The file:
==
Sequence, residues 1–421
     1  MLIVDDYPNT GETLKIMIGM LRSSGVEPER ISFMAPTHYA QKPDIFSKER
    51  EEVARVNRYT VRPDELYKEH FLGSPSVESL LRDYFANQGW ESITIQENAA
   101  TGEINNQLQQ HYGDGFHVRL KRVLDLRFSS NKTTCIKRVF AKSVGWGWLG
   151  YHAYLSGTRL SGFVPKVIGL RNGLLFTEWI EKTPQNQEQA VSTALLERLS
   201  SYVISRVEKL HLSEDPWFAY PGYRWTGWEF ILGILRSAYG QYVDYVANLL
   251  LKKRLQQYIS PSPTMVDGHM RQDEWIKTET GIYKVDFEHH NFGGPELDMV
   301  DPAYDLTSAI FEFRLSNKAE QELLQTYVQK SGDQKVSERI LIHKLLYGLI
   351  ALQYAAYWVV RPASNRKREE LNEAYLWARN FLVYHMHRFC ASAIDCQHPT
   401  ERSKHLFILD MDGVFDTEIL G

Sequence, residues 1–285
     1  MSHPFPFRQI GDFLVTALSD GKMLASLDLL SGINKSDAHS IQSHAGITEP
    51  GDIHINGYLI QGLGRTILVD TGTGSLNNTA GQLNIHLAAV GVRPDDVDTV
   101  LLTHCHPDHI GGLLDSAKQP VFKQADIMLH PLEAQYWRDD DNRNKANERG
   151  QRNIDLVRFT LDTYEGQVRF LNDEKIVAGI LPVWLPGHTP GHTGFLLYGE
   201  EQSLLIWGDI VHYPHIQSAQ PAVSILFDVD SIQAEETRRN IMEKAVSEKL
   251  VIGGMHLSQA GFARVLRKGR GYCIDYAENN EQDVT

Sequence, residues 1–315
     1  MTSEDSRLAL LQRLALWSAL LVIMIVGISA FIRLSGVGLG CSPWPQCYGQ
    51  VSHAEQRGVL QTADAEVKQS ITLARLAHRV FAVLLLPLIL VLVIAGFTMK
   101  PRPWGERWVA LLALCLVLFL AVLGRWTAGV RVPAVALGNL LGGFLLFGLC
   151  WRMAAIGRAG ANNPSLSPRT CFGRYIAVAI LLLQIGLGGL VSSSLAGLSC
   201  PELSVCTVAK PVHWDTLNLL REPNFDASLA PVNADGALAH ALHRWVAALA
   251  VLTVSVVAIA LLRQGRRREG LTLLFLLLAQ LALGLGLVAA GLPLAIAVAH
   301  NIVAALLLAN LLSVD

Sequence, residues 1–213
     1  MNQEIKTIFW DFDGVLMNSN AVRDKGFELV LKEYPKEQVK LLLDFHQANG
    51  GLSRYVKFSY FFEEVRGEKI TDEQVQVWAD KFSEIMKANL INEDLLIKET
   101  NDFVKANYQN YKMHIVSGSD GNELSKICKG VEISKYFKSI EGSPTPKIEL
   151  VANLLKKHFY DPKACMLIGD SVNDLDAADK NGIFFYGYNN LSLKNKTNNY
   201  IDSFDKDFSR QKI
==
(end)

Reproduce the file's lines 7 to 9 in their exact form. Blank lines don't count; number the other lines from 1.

   251  LKKRLQQYIS PSPTMVDGHM RQDEWIKTET GIYKVDFEHH NFGGPELDMV
   301  DPAYDLTSAI FEFRLSNKAE QELLQTYVQK SGDQKVSERI LIHKLLYGLI
   351  ALQYAAYWVV RPASNRKREE LNEAYLWARN FLVYHMHRFC ASAIDCQHPT